Consumer electronics media powerhouse CNET has embarked on a sweeping, yearlong redesign of its Web site, which has already introduced a number of big changes, with more new features and a raft of smaller tweaks still to come, according to the site’s vice-president for product, Jeremy Toeman.
As part of the rolling makeover, CNET has already unveiled a new look with a heavy emphasis on images and video, reflecting the Web’s broader evolution toward mobile-friendly, visual media.
The new format, designed to better accommodate the site’s growing volume of tech news and reviews, includes a grid format that presents stories with picture tiles.
As the user scrolls down, content is broken down into categories like latest stories, top reviews and top galleries. The new site also gives editorial teams more flexibility in how they tell stories, ranging from interactive charts and infographics to video and audio in the form of podcasts.
On the advertising side, Toeman said: “We basically set out on this mission to get rid of any advertising format that interrupts the user’s experience on our site, including anything that pops up, or pushes content out of the way as users are trying to read it.”
To that end, Toeman noted CNET has also introduced a major new ad format called “Powerbar,” which provides a “fully interactive, immersive, custom experience for each advertiser, which is eye-catching but not intrusive.”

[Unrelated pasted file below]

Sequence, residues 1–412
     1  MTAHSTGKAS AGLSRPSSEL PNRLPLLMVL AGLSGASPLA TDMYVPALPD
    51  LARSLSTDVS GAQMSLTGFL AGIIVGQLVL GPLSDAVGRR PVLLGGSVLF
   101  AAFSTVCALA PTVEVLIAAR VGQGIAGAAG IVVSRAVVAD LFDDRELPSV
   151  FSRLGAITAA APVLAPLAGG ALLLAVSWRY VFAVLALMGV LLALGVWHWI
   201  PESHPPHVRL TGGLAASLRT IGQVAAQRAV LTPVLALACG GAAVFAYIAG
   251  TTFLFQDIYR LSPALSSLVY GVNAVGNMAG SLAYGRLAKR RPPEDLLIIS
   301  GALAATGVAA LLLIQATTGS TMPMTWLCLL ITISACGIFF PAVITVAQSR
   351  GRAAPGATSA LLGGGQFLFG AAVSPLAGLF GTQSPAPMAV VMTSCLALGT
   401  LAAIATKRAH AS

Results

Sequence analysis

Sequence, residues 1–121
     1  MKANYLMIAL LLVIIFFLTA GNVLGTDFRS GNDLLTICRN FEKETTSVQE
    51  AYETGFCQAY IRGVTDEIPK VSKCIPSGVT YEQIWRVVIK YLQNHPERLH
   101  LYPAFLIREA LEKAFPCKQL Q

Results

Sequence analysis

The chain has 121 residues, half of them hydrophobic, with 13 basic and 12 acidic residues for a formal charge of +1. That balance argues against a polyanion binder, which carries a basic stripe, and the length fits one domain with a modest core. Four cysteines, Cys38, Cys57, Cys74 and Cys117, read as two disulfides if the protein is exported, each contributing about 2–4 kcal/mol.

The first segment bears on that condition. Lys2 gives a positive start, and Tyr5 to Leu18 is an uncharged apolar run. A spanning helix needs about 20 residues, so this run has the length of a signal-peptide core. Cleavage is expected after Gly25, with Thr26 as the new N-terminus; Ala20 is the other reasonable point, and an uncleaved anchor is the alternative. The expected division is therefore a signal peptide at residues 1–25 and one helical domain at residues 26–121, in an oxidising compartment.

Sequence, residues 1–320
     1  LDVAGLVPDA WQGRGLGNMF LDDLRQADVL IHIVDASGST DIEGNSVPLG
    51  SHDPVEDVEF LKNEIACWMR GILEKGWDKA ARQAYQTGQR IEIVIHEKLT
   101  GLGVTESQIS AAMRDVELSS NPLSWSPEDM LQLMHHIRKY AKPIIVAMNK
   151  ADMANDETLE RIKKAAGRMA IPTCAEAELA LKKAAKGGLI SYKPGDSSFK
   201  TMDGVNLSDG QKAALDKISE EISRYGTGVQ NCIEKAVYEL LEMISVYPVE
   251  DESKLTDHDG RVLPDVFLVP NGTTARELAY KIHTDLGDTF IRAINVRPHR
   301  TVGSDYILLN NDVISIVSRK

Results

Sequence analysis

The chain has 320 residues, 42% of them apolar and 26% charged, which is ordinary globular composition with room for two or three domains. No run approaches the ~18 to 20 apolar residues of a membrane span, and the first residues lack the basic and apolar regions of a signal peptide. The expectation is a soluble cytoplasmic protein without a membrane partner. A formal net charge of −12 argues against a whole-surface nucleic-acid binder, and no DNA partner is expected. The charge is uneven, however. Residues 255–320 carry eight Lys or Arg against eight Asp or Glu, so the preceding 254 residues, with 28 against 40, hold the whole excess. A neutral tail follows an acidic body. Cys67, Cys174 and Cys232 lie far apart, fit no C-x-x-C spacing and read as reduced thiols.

In one example cited by Toeman, a large interactive ad for Tide at the top of the page was buttressed by prominent additional messaging in the form of vertical bars appearing periodically further down the page, between content categories.
Toeman emphasized that the new look and ad format are just the beginning, as CNET has adopted a start-up mentality for the redesign that entails continual testing of new products and features to emphasize ease of use.
That means new mobile and desktop features will be revamped and go live separately (rather than trying to present all the changes at once in a single relaunch).
The ongoing redesign comes amid a number of high-profile experimental projects from CNET, most recently including the debut of a “crowdsourced” sci-fi novel, as well as the launch of a print product, CNET Magazine, in 2014; a new short fiction feature called Technically Literate; and an automotive vertical called RoadShow.
On the mobile side, in March CNET launched a new app called Tech Today, providing a daily roundup of the most important tech stories.